Interview with George Ciccariello-Maher, of the Trayvon Martin Organizing Committee/Action Against Black Genocide, from Viewpoint Magazine's "Strategy After Ferguson" feature.
What is the history of your group? What actions have you organized, how has your group changed, and what are your plans for the future?
As the energy sparked nationwide by the Ferguson rebellion wound down, Trayvon Martin Organizing Committee / Action Against Black Genocide (TMOC/AABG) coalesced as a radical pole organizing against the police, and in particular around the murder of Brandon Tate-Brown by Philadelphia Police in December 2014. Since then, the group has repeatedly antagonized Police Commissioner Charles Ramsey and helped spearhead a militant march in solidarity with the Baltimore Rebellion (two of our comrades had been arrested in Baltimore, and one is still facing charges).
Despite Police Commissioner Ramsey’s efforts to paint himself as a representative of a gentler form of hands-off, “21st-Century policing” to curry favor with Obama, we have used direct actions to shatter that image and reveal just the same old brutal, white supremacist policing in Philadelphia. When our comrades got in Ramsey’s face at a town hall in the Lawncrest neighborhood, his thugs arrested ten but we eventually beat the charges in court. At this point, we’re like a bad dream Ramsey can’t wake up from: he can’t hold a public event without us putting him on blast. As a result, he has repeatedly caved to our demands, albeit without ever giving us credit: he released the names of the murderous cops who killed Brandon Tate-Brown, he released the video of the murder, and he promised that the names of police who kill will be released within 48 hours.
Momentary confrontations and direct actions are only one part of the equation, however, and we are also beginning to lay the groundwork for a text-based police brutality rapid response network in the city that we hope will provide a more durable form of participatory community self-defense – think a more generalized form of Copwatch without the specialized teams of observers – and eventually even an alternative to calling the police in the first place.
During the Millions March in Washington DC, many of the young grassroots organizers who have driven the direct actions against police violence were prevented from speaking by the older leadership. This pattern has continued. What are the politics behind this clash – why is the older, local black political and clerical leadership trying to keep protests contained and controlled, and what kind of alternative strategies can younger militants put forward?
While clashes like the one that occurred at the Millions March indeed look like generational clashes, they are in fact political clashes. After all, there are many older militants from the revolutionary Black freedom struggle around, and their age doesn’t negate their militancy in the least. What we are instead confronting today is the incorporation of certain sectors of the Civil Rights Movement of the 1950s and 60s into the political institutions of the United States, and these sectors are tasked with controlling the militancy of the grassroots and upholding a false narrative of social change. The historical narrative and containment function are tightly intertwined.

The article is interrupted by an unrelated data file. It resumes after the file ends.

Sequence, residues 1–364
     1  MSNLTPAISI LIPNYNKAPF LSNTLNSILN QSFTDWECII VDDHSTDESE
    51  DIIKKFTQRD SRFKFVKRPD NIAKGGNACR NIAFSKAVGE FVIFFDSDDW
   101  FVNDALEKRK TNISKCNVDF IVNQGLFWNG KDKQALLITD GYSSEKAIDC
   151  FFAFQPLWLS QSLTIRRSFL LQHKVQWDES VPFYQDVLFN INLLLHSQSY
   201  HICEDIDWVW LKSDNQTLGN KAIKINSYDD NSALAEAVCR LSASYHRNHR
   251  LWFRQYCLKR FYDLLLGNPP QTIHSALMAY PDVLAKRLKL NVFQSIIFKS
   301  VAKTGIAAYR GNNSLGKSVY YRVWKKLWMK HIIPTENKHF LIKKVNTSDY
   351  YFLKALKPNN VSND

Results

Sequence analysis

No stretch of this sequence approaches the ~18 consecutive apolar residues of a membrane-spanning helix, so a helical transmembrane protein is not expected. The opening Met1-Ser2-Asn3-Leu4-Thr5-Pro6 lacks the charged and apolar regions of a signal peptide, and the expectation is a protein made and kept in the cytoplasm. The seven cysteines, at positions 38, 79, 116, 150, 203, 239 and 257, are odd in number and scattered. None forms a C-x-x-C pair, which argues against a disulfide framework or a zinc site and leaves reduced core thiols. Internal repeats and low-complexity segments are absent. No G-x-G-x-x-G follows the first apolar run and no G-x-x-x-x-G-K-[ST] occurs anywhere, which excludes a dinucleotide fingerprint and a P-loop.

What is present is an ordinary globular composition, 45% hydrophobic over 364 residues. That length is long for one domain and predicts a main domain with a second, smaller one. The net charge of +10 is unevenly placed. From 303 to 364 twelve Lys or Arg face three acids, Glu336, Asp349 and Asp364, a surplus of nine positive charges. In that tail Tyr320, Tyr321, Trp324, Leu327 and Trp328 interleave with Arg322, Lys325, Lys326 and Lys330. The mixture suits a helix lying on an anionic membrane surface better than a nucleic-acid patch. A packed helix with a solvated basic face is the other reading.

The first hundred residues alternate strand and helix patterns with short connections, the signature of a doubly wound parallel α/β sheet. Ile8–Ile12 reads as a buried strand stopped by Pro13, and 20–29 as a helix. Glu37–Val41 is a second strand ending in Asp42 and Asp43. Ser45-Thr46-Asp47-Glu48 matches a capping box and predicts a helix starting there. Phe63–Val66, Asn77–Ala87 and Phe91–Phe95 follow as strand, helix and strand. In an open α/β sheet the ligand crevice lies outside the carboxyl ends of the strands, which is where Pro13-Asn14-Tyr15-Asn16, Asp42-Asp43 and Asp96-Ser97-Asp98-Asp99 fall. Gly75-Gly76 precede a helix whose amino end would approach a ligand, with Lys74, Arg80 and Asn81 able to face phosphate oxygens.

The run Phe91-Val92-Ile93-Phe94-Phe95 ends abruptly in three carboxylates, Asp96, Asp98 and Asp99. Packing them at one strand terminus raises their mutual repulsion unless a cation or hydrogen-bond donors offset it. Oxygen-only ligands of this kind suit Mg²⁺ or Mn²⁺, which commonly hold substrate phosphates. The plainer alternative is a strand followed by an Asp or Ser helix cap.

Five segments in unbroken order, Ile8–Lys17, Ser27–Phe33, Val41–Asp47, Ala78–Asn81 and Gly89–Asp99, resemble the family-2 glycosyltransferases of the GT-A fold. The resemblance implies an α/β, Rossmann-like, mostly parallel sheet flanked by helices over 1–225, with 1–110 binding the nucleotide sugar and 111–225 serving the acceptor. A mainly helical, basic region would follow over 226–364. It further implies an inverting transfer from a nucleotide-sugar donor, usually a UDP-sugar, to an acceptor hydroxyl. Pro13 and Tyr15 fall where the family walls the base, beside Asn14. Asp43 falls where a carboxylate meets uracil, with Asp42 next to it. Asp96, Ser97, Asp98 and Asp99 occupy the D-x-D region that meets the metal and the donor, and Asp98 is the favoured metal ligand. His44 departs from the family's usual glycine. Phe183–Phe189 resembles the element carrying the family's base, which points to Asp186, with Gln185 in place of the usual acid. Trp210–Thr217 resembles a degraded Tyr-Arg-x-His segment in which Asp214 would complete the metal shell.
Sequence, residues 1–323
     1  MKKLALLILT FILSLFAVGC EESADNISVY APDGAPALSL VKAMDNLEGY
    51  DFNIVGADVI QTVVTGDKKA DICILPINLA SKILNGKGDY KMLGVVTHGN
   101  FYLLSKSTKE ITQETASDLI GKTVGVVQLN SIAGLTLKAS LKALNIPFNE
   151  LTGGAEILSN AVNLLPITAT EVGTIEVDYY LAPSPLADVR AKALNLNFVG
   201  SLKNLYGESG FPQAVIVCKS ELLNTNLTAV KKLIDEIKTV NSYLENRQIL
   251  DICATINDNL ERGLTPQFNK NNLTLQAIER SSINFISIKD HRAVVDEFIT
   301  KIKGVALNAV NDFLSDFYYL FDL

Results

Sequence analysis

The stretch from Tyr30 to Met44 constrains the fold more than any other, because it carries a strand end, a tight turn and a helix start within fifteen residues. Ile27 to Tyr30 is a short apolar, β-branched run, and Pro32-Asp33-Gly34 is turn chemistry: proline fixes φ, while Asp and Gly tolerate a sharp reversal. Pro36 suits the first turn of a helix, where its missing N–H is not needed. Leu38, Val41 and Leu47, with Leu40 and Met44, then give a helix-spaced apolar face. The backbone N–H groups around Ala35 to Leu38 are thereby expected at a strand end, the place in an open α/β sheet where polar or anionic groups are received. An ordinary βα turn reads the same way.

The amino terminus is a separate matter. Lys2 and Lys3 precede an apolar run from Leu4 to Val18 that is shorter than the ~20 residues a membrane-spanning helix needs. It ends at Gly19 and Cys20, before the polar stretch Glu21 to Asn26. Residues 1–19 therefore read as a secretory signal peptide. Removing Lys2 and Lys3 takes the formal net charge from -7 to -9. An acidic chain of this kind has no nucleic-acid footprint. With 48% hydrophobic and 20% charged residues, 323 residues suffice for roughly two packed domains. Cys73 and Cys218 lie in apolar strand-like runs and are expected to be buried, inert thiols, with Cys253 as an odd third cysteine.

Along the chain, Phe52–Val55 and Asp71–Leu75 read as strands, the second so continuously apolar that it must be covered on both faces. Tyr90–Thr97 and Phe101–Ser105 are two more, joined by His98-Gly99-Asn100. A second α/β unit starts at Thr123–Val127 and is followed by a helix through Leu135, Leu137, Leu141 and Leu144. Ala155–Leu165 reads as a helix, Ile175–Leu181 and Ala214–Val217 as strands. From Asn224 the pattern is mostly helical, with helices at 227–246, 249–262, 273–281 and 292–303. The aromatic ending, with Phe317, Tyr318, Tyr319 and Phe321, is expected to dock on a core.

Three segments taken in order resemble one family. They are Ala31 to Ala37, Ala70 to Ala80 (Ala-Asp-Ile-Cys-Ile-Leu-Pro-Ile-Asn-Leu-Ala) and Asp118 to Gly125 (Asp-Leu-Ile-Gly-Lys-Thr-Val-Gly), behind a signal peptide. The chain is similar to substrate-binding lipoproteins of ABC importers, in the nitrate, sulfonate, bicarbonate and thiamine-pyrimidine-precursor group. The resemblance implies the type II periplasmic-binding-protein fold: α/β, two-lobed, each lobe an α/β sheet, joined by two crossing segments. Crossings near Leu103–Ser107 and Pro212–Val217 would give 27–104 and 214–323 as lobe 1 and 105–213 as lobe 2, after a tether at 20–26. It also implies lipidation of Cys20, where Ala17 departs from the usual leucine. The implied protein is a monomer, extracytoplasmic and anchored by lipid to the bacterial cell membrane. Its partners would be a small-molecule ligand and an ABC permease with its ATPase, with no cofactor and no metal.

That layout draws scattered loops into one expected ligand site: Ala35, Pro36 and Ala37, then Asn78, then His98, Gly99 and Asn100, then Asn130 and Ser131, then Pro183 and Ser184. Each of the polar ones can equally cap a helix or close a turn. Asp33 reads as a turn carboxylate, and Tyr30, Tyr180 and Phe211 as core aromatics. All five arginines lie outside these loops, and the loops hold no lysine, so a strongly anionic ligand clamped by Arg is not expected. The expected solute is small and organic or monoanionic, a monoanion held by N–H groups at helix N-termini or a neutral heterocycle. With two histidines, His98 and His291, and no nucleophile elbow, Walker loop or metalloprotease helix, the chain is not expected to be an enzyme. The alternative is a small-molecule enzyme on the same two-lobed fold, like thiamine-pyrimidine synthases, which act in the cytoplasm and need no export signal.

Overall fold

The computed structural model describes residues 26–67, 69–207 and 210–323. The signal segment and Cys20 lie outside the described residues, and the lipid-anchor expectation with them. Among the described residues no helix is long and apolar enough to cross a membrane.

The historical narrative of the civil rights movement is often a sanitized and whitewashed caricature of the Black freedom struggle, which is cast as a polite affair carried out by well-behaved leaders – often religious and almost always men – who ask nicely, make rational arguments, and patiently await the (white) nation’s conscience from within. The reality was far different: messy, violent, impolite, often sustained by women and those unrecognized organizers that Malcolm X called the “small people” who “haven’t got anything to lose.”
It was not only or even mostly a movement of leaders but one of masses in the streets: rioting, rebelling, and organizing. It was grounded not in rational argumentation – the idea that somehow you could convince white supremacy of its own illogic – but instead found sustenance in Frederick Douglass’ insistence that “it is not light that is needed, but fire; it is not the gentle shower, but thunder. We need the storm, the whirlwind, and the earthquake.” You can’t argue with white supremacy, just as you can’t guilt it into submission, and so the Black freedom struggle was not centrally an appeal to the guilty conscience of white America. This explains too why it was not strictly nonviolent: as Stokely Carmichael insisted, “in order for nonviolence to work, your opponent must have a conscience – the United States has none.”
This sanitized history served not only to save the wounded pride of a white supremacist nation, but worse, to undercut the revolutionary impulse and demands of the concrete struggles in the streets. The same Martin Luther King Jr. who had been denounced by the FBI as a communist was – in light of the growing threat of Black revolutionaries – quickly embraced and exalted. And when he took more openly radical positions, he was executed by the same system that would then christen him a national hero.
What did those struggling in the streets want? To fulfill the program of Radical Reconstruction, then already a century overdue, without which no substantive freedom would be possible. For W.E.B. Du Bois, this meant far more than political equality, which after all had been briefly granted after the Civil War. It meant something fuller and more complete that he – writing at the height of Jim Crow – was pessimistic would ever be accomplished: “the rebuilding, whether it comes now or a century later, will and must go back to the basic principles of Reconstruction in the United States during 1867-1876 – Land, Light and Leading for slaves black, brown, yellow and white, under a dictatorship of the proletariat.”